A SWAT squad arrived in force at the exec's home, a two-bedroom house in Palo Alto, ordered him to step out, and briefly arrested the man as they searched the house.
Officers released the exec after a few hours when they realized the call was just another swatting hoax carried out by anonymous users using untraceable phone numbers.
In a press release published the next day, Palo Alto police said they intervened in force after a man called 911, gave the exec's name and correct address.
The yet to be identified caller claimed he shot his wife, tied up his two children, placed pipe bombs inside the home, and threatened to kill anyone approaching his house.
The prank call took place Tuesday night, around 9-10 PM, local time. The caller stayed on the line until a negotiator was put through, but dropped out when he realized he succeeded in making the officers take the call seriously.
According to the Palo Alto Daily Post, who first reported the swatting, the exec was unharmed, yet scared. The executive's name and job title have not been made public.
"We thank the city of Palo Alto for their swift and thoughtful response. They quickly identified this as a prank, and we are glad that our colleague and his family are safe," a Facebook spokesperson told ZDNet via email today.
"The suspect could face multiple criminal charges, as well as face potential civil liability as a cost recovery measure for the law enforcement response," said a Palo Alto Police spokesperson in regards to the incident.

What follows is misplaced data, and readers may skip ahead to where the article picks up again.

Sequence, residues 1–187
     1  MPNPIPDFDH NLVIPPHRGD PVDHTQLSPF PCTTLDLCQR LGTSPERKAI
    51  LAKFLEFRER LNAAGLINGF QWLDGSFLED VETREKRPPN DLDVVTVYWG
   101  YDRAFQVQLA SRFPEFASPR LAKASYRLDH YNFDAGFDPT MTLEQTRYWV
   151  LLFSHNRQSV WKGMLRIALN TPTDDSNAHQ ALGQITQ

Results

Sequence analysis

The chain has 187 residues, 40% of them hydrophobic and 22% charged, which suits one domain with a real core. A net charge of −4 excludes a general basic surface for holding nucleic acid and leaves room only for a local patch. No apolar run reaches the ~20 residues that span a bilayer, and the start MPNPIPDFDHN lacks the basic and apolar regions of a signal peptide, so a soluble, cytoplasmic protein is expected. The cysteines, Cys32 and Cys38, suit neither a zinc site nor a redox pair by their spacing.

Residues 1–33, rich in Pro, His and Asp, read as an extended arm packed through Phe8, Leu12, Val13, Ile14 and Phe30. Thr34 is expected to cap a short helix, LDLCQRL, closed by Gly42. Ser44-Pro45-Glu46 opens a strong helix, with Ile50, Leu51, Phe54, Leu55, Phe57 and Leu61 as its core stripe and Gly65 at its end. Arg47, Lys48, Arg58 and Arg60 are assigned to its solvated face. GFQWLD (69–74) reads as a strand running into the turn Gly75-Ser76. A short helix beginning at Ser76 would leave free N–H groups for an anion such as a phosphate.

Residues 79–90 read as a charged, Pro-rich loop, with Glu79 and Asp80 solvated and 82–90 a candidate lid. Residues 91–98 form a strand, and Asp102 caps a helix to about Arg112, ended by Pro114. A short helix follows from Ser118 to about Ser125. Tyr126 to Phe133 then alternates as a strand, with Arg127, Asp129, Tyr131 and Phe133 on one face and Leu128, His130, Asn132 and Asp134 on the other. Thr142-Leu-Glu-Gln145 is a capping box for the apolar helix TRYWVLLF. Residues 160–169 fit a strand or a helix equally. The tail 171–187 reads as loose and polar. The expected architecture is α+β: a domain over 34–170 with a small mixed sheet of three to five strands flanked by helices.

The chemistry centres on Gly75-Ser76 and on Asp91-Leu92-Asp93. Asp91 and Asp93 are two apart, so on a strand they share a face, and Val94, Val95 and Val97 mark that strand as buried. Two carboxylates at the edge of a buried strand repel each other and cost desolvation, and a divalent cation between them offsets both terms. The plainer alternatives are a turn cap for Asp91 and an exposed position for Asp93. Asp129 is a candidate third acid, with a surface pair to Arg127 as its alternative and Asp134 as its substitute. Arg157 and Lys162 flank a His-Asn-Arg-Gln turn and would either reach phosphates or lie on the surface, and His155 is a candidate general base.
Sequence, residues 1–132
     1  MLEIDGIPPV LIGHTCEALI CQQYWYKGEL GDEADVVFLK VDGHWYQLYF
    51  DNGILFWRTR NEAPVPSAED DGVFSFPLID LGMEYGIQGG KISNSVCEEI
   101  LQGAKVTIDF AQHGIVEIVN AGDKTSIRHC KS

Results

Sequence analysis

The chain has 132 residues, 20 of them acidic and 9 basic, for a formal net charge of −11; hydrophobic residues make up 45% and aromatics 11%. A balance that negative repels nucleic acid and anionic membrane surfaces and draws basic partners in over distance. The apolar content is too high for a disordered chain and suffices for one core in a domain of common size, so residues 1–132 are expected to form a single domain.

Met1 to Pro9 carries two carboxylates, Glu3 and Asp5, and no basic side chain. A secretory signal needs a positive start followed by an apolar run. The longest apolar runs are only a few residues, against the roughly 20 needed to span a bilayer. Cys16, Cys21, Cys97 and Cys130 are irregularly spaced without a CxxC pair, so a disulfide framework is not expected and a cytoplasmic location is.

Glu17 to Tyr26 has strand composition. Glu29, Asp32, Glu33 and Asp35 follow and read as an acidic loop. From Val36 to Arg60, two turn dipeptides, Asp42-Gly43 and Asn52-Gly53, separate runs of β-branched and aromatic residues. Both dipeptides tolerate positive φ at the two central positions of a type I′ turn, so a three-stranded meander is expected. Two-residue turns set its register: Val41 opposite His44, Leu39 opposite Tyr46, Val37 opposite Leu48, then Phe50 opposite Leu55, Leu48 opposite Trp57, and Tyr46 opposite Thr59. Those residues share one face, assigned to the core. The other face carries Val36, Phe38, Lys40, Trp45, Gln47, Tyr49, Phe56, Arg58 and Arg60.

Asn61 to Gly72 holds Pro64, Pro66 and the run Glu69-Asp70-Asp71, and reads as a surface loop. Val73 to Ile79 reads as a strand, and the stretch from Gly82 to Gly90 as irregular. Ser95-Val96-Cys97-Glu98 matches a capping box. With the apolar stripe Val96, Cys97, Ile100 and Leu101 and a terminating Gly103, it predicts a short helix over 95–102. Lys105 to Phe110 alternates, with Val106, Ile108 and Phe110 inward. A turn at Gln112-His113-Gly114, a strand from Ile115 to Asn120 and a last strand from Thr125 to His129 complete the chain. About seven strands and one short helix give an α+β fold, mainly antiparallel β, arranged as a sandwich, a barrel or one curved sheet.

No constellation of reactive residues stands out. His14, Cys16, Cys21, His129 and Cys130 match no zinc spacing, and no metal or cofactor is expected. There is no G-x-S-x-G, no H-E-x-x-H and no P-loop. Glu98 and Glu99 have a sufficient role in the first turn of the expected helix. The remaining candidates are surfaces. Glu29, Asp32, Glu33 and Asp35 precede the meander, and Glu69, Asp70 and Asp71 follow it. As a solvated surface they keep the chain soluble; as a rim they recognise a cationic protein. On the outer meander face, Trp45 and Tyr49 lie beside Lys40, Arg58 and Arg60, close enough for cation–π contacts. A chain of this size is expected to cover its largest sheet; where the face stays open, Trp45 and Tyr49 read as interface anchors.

"The law enforcement response to this incident took officers away from their other important duties and calls. Anyone found responsible for placing a hoax call like this will be prosecuted to the fullest extent of the law," Palo Alto police also added.
The practice of swatting has been rampant in the US for the past decade. It consists of people making prank calls to police, alerting officers of emergencies at friends or rivals' homes. Perpetrators try to obtain an in-force response from authorities, like sending a SWAT squad to the victim's house.
The practice is widespread in the gaming and cryptocurrency communities [1, 2, 3]. While most swatting incidents result in victims getting a good scare, a police intervention went terribly bad in 2017, when a Kansas man was shot dead. The author of that swatting call, a serial swatter, was eventually identified and arrested, and later pleaded guilty.
The Facebook cybersecurity exec is not the first cybersecurity professional to have been the victim of a swatting call. Infosec journalist Brian Krebs has been the end of a few of these incidents in the past[1, 2].